WMD Training: Davenport Fire Dept. Teams Up with IA National Guard

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An unexpected partnership put a handful of Davenport firefighters through some intense training. Members of the Iowa National Guard have spent the last three days working with Davenport's hazardous materials, and weapons of mass destruction unit.

Inside Davenport’s fire station number 6, it’s a simulated nightmare – a lab used to create chemical weapons and firefighters must safely figure out what it is, how dangerous it is, and who’s behind it.

"It's a simple task when you get down to it, but it's getting from here to there that we're practicing today," says Captain Clint Powell of the Iowa National Guard.

And they must do it in these ty-vek suits. It’s hot bulky work, and it certainly isn't easy.

"You're fully encapsulated. You wear SCBA, mask, boots, gloves… It's kinda like wearing a giant trash bag it's really hot, it's about 140 degrees inside that suit on a hot day," says Powell.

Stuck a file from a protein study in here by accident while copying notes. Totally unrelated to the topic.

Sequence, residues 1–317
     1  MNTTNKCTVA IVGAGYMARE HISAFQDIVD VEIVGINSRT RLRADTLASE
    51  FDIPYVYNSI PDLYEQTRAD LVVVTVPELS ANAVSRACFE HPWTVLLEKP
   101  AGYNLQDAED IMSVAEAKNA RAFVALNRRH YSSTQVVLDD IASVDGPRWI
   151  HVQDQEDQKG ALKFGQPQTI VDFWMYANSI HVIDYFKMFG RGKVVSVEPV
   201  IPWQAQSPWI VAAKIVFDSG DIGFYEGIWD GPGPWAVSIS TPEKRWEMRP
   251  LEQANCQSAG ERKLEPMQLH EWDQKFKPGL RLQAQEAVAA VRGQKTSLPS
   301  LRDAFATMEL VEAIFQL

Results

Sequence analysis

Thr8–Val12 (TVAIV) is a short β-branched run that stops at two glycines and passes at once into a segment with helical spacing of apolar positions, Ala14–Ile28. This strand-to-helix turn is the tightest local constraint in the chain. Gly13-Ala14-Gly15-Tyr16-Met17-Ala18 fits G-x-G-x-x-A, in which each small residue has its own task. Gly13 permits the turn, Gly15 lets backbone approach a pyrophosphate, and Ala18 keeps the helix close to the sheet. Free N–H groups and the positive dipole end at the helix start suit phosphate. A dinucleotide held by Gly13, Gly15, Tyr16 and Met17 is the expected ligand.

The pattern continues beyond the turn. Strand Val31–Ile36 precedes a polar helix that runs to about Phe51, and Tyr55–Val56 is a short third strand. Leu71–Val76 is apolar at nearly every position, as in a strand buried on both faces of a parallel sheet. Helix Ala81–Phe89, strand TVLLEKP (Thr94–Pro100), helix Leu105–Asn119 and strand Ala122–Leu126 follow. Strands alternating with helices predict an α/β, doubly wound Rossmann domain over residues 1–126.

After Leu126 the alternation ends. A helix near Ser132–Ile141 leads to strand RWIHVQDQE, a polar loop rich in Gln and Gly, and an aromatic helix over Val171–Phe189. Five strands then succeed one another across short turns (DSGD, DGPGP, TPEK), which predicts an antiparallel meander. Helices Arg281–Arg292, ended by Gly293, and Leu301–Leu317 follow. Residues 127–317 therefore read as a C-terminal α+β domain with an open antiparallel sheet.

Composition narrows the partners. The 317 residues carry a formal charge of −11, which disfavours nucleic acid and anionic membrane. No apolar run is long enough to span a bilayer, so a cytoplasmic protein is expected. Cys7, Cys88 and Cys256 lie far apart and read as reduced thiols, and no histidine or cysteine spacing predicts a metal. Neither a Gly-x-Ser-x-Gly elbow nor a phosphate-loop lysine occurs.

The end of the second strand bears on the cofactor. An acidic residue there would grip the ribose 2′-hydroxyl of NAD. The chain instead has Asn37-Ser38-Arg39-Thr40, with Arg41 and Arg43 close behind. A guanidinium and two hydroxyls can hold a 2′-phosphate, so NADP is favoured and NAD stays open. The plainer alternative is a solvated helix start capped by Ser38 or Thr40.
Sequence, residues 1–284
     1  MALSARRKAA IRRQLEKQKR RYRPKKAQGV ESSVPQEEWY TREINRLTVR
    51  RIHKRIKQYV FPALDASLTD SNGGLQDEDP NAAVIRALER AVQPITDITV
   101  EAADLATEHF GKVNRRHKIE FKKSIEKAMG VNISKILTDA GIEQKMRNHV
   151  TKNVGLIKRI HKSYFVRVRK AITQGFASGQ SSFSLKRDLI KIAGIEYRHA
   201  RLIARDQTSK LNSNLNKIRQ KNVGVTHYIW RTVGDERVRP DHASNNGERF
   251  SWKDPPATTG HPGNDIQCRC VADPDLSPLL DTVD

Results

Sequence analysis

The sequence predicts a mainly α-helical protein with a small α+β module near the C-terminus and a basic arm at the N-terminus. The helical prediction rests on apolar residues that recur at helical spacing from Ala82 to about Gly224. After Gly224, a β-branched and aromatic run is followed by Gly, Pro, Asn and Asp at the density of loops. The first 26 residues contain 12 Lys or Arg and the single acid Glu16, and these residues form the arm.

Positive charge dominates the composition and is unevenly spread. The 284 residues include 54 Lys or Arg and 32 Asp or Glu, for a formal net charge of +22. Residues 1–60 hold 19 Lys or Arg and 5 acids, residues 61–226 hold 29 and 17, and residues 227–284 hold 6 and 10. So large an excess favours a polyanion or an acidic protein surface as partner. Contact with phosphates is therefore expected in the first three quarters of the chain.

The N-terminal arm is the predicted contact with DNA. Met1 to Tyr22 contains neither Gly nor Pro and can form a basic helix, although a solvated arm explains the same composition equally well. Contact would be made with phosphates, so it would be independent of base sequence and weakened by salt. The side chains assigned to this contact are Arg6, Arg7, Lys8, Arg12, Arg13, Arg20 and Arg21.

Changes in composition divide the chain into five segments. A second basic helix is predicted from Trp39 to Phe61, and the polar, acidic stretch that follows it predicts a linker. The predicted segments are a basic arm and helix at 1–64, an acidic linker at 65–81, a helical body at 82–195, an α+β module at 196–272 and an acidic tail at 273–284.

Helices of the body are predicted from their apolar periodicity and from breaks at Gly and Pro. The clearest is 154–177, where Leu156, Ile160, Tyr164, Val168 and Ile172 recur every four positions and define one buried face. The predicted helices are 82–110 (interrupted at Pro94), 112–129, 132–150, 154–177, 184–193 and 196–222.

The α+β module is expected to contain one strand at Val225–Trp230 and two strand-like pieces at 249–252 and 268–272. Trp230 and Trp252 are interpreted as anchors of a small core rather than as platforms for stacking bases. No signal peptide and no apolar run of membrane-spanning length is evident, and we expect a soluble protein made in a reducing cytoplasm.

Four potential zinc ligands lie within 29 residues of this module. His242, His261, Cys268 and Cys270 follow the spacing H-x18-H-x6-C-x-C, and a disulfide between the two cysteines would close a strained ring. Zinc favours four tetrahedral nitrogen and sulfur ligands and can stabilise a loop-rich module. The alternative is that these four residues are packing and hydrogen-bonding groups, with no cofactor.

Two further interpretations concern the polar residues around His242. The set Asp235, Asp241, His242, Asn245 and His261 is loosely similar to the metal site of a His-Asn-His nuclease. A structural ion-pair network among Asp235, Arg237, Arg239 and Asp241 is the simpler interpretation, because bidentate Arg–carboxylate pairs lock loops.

Davenport firefighters are the ones behind the mask today they’re being mentored by soldiers of the Iowa National Guard. On the agenda: anything that could be used in a weapon of mass destruction.

"It can be a chemical that you buy at home depot, it can be a biological that some nation-state decided they wanted to grow," explains Powell.

These soldiers based out of Des Moines focus only on identifying and handling WMD’s and hazardous materials. These firefighters are responsible for a broad range of things like firefighting, medical calls, and even building codes. Getting hands on training with the National Guard can prove invaluable.

"They focus only on this area, so having them come in here just increases our ability to do our job well when we hit those areas," says Davenport Fire Chief Lynn Washburn

This handful of Davenport firefighters is one of Iowa’s 7 regional teams certified to handle hazardous materials and WMD’s. Chief Washburn says that certification possible because of collaborative training like this.

"We could not have this high level of training if they didn't come in and help us out with it," adds Washburn.